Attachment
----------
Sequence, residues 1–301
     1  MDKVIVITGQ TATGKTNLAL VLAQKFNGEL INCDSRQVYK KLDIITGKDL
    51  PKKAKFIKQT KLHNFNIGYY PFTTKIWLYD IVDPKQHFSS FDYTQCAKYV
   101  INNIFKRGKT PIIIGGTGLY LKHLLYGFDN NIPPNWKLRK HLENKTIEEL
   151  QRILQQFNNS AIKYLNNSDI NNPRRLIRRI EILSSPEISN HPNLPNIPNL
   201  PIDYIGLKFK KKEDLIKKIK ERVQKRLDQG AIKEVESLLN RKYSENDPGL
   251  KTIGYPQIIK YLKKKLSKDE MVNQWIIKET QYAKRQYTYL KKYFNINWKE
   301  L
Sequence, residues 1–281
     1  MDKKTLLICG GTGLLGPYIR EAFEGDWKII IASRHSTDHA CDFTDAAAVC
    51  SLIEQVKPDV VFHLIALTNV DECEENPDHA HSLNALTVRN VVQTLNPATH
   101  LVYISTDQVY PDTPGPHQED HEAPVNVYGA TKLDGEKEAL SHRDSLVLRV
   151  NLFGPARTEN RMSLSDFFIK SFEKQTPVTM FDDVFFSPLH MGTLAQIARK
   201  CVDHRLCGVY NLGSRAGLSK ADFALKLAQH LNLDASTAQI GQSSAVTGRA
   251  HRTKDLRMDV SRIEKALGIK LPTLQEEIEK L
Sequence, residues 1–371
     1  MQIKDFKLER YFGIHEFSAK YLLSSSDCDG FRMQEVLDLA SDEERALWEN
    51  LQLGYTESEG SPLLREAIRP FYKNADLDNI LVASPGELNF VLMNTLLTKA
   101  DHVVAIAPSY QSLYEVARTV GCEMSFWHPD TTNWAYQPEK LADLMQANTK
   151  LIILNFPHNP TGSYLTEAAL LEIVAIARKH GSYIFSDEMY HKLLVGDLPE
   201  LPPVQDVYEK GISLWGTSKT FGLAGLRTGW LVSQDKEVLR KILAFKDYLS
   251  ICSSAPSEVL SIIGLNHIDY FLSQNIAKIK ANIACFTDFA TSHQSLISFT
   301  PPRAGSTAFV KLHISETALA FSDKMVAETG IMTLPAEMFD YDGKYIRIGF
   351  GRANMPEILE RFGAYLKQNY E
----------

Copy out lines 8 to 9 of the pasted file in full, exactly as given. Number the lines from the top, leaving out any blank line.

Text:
   301  L
Sequence, residues 1–281